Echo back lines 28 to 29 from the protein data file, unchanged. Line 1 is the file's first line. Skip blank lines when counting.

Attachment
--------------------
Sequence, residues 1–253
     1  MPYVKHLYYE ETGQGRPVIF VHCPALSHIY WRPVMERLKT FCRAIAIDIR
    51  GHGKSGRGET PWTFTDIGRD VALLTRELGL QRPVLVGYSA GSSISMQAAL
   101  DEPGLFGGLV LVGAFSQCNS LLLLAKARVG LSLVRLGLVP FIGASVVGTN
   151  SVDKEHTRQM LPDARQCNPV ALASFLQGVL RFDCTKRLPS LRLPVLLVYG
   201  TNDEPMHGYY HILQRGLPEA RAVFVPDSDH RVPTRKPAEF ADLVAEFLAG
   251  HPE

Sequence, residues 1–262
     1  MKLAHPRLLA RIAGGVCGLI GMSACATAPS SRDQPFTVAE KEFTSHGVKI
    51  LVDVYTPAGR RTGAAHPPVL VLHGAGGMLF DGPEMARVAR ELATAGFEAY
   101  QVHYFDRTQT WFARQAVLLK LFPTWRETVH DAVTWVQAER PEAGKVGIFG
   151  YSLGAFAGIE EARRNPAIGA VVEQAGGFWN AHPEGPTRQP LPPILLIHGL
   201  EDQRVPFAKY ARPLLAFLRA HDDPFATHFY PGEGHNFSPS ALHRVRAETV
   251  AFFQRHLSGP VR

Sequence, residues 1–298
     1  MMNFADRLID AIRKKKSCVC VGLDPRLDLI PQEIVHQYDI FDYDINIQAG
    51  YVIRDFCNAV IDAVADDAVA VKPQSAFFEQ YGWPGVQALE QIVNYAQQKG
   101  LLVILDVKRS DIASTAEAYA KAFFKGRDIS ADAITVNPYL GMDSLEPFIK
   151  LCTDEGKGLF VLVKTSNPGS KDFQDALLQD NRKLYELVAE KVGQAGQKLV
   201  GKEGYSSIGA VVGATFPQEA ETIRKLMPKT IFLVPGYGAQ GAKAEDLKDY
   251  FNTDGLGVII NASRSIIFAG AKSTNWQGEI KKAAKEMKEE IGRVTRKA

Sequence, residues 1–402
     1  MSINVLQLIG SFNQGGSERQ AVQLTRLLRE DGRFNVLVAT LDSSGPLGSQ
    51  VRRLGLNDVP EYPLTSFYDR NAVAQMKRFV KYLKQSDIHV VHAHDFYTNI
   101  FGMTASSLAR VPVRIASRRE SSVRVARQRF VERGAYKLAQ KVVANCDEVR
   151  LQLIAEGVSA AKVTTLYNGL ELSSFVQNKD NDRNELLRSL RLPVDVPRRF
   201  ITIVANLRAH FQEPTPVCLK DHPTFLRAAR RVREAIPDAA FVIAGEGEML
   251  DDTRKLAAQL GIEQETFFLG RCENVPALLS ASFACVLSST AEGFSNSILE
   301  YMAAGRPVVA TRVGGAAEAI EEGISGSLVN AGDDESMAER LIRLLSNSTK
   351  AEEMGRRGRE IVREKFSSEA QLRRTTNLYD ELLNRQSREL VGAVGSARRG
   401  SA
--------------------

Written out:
   251  DDTRKLAAQL GIEQETFFLG RCENVPALLS ASFACVLSST AEGFSNSILE
   301  YMAAGRPVVA TRVGGAAEAI EEGISGSLVN AGDDESMAER LIRLLSNSTK